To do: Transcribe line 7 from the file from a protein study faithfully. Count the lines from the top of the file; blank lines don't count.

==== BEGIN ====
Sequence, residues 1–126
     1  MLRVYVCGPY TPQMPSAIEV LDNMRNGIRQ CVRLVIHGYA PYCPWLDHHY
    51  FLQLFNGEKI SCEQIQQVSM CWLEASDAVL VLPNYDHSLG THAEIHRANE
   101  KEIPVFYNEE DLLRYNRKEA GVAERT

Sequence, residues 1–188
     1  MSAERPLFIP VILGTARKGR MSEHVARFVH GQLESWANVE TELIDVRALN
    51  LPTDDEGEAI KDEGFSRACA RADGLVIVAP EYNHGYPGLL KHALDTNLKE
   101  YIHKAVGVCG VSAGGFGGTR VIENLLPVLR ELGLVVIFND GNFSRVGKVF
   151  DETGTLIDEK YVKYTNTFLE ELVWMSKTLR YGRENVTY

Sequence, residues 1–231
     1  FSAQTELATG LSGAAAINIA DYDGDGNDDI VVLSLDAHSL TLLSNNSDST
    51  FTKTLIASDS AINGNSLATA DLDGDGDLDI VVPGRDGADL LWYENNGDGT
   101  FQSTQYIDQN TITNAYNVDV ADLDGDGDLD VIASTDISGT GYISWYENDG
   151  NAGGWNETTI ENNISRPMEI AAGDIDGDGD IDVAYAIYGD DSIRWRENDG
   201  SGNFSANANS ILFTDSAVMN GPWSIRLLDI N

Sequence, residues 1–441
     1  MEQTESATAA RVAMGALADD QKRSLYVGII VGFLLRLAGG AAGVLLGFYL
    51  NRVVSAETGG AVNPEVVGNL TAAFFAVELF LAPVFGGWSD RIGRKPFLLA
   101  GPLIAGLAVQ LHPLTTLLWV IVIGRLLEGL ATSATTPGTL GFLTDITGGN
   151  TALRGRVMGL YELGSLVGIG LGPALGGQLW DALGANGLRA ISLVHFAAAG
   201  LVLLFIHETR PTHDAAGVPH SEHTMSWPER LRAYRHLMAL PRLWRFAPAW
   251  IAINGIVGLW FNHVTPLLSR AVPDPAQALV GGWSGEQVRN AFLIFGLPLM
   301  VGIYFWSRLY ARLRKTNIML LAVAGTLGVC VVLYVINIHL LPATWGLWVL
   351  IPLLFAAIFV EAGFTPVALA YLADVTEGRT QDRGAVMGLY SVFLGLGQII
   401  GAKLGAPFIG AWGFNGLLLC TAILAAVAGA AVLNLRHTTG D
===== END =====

    51  LPTDDEGEAI KDEGFSRACA RADGLVIVAP EYNHGYPGLL KHALDTNLKE